Cheap grit

Discussion in 'Feeding & Watering Your Flock' started by rjackh, Jan 13, 2015.

  1. rjackh

    rjackh In the Brooder

    Dec 16, 2014
    Central Texas
    What is the cheapest source of grit for adult laying hens? My local feed store sells granite grit, but only in starter size. Is Caliche okay to use for grit? Not sure if there's too much calcium in that. Thanks.
  2. ChickenCanoe

    ChickenCanoe Free Ranging

    Nov 23, 2010
    St. Louis, MO
    It's made up of calcium carbonate so I don't think it would work. Firstly too much calcium and secondly, probably not hard or insoluble enough to aid in grinding/digestion.

    I'm surprised they don't carry adult (#3 grit). #1 chick grit is only for the first 7 weeks and most people don't even use it.
    Perhaps they can order some for you.
    Adult grit is all most stores carry.
  3. ChickenCanoe

    ChickenCanoe Free Ranging

    Nov 23, 2010
    St. Louis, MO
    Last edited: Jan 13, 2015
  4. Ridgerunner

    Ridgerunner Free Ranging

    Feb 2, 2009
    Southeast Louisiana
    Another possible cheap source for grit is the ground. If they have access to the ground they are probably finding their own grit. That’s part of why they are always scratching and pecking the ground, they are looking for grit. It’s possible they won’t get enough from your ground but most do.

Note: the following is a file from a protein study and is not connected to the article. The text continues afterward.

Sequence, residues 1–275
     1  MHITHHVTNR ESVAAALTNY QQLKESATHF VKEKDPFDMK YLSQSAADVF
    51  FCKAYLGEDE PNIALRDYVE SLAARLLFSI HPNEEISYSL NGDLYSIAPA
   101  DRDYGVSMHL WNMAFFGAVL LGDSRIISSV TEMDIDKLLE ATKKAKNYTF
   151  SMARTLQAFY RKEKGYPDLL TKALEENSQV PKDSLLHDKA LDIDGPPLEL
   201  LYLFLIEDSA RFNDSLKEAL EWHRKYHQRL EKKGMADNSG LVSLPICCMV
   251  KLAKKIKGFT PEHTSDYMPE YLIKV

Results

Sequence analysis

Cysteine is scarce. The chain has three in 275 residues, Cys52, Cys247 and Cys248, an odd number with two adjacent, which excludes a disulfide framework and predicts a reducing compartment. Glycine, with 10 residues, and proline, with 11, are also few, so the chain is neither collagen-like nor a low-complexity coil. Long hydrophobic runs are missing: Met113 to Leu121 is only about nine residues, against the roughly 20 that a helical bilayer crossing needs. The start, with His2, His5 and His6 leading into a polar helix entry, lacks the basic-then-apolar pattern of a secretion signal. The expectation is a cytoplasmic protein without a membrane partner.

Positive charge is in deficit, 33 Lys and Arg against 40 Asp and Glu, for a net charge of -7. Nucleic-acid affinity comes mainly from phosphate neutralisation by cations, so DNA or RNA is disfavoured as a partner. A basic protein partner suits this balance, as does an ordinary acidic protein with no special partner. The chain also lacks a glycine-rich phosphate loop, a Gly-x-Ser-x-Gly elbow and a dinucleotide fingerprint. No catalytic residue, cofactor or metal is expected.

Another good source is coarse sand or small gravel, about the size of a green pea or smaller. If you have legal access to a sand or gravel bar in a stream or river you have a good source. Just throw it on the ground in the run. They will enjoy scratching for it.

    The grit you buy is granite. It is a by-product of a granite quarry. They just sift the rubble through screens to get the right size and bag it. Granite is very hard and will last a long time. A pea sized chunk may last as long as a month.

    They can use other rocks besides granite for grit. How long it lasts depend on how hard it is. All grit eventually gets ground down to a fine sand and passes on through their system and out the back end. They need a continual supply but just how much depends on how big the chunks are and how long they last.

    You can use gravel from a driveway but there is a caution with that. If you live where the roads are salted in the winter that might contain a high amount of salt. Chickens can’t handle a lot of salt. Also a lot of driveway gravel is limestone. That is a source of calcium. If you use that for grit I’d suggest you not feed Layer but instead feed a Grower, Starter, or Flock Raiser low in calcium and offer oyster shell on the side to keep from overloading them with calcium. I’m probably being overcautious here. Chickens raised where limestone is the natural rock use it for grit all the time and from what I’ve observed don’t have any problems from that. But those chickens in my experience were free range chickens not fed any chicken feed containing any excess calcium. Their egg shells were still quite hard.
  5. Naser

    Naser Songster

    Oct 29, 2014

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